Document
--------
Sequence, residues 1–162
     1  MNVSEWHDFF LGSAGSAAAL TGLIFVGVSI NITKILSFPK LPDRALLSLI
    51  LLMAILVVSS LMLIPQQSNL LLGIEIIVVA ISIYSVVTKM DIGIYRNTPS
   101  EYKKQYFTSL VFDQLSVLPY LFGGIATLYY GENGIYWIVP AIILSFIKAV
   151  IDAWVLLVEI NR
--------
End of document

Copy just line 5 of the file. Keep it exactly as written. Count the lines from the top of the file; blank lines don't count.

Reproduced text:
   151  IDAWVLLVEI NR